Purpose: The relationship between faults in diagnostic reasoning, diagnostic errors, and patient harm has hardly been studied. This study examined suboptimal cognitive acts (SCAs; i.e., faults in diagnostic reasoning), related them to the occurrence of diagnostic errors and patient harm, and studied the causes.
Method: Four expert internists reviewed patient records of 247 dyspnea patients, using a specially developed questionnaire to detect SCAs. The patients were treated by 72 physicians between May 2007 and February 2008 in five Dutch hospitals. The findings of the record review were discussed with the treating physicians, and the causes of SCAs were classified using Reason's taxonomy of unsafe acts. Statistical analyses were performed with descriptive statistics and independent t tests to compare groups. Furthermore, a reliability study was conducted to assess the interrater reliability.
Results: SCAs occurred in 163 of 247 cases reviewed (66%). In 34 (13.8%) of all cases, a diagnostic error occurred, and in 28 (11.3%) cases, the patient was harmed. Cases with diagnostic errors or patient harm had more SCAs. However, in 10 (4.0%) of the cases, diagnostic errors or patient harm occurred, though there were no SCAs. The causes of SCAs were mostly mistakes (i.e., the planned action was incorrect).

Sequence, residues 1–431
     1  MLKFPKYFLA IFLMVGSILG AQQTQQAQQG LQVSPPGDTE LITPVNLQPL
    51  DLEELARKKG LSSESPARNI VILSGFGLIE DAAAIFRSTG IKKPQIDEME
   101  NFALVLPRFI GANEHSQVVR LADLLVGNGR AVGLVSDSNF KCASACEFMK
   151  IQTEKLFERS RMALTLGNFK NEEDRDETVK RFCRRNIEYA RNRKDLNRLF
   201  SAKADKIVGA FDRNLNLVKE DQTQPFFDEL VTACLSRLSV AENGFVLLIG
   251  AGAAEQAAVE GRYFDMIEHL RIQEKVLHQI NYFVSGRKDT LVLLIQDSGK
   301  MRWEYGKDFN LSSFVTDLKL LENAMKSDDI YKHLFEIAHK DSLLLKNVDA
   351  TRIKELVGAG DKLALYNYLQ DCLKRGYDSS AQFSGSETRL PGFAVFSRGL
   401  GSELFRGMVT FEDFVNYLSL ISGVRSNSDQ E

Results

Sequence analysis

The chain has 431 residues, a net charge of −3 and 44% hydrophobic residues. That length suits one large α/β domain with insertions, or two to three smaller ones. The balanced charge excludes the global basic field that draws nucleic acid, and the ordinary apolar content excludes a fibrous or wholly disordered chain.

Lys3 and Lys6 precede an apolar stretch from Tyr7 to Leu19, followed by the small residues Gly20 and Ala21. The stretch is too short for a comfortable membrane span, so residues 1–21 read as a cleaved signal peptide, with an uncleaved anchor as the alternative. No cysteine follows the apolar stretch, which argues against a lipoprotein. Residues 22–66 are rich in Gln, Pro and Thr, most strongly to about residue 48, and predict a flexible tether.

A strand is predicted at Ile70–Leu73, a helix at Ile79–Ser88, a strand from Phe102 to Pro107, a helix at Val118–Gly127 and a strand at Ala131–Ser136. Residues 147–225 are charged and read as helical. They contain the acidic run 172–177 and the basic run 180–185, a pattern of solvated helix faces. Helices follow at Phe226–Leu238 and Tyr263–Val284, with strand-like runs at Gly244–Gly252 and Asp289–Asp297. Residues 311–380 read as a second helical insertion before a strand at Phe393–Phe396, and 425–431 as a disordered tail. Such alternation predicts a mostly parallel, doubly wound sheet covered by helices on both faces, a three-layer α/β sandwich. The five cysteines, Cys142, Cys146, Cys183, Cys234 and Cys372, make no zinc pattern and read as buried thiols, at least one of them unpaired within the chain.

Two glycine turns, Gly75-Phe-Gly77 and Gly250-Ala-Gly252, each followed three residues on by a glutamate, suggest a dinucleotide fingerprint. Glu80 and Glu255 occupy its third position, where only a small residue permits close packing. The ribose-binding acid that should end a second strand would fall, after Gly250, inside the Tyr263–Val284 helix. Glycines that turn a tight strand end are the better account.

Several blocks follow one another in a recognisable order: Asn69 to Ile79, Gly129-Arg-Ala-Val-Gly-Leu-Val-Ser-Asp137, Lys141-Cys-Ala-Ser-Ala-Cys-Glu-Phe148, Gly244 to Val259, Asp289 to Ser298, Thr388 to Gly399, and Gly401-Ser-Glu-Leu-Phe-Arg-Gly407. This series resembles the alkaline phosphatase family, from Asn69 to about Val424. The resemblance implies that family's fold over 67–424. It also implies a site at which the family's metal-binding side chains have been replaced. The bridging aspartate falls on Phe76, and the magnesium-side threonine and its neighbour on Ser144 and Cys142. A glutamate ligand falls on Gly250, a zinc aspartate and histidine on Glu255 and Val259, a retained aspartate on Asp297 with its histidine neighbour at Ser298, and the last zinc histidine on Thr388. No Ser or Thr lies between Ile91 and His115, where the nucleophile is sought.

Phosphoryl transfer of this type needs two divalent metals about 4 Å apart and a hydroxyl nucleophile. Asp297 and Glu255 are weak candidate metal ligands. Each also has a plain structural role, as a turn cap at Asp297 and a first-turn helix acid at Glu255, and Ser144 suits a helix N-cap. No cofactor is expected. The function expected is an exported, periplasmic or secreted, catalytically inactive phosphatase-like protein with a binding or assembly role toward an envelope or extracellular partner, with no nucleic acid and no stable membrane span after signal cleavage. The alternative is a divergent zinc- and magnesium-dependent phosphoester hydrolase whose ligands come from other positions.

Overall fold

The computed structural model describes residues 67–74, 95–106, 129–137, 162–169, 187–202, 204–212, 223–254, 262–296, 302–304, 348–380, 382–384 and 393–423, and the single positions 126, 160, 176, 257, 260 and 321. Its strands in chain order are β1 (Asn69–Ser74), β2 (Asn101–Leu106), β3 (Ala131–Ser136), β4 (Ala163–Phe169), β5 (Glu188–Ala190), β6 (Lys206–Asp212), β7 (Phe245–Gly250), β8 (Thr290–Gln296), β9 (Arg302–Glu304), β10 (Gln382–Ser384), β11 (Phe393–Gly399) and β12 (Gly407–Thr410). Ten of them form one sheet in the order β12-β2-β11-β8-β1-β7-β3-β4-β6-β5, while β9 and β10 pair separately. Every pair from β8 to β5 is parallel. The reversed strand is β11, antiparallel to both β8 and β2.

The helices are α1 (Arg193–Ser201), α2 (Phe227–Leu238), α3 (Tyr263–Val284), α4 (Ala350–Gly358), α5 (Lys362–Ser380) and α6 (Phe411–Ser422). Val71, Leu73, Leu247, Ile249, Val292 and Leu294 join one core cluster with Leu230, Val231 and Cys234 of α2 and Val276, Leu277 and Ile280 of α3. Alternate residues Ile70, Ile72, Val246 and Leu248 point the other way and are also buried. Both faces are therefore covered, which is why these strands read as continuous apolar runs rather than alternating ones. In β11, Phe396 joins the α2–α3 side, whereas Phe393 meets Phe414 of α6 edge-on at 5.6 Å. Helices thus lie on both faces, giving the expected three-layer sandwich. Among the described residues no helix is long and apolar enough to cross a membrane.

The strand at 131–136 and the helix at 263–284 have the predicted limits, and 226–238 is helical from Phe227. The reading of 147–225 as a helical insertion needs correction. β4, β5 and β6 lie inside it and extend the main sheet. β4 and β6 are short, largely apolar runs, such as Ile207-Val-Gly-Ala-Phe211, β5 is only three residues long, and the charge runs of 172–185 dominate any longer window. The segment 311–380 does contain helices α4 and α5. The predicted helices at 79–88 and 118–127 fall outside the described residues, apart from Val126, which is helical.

Conclusions: In cases with more SCAs, diagnostic errors and patient harm occurred more often, suggesting that the number of SCAs per case was predictive of the occurrence of these events. The most common causes were mistakes, meaning that physicians did not realize their actions were incorrect.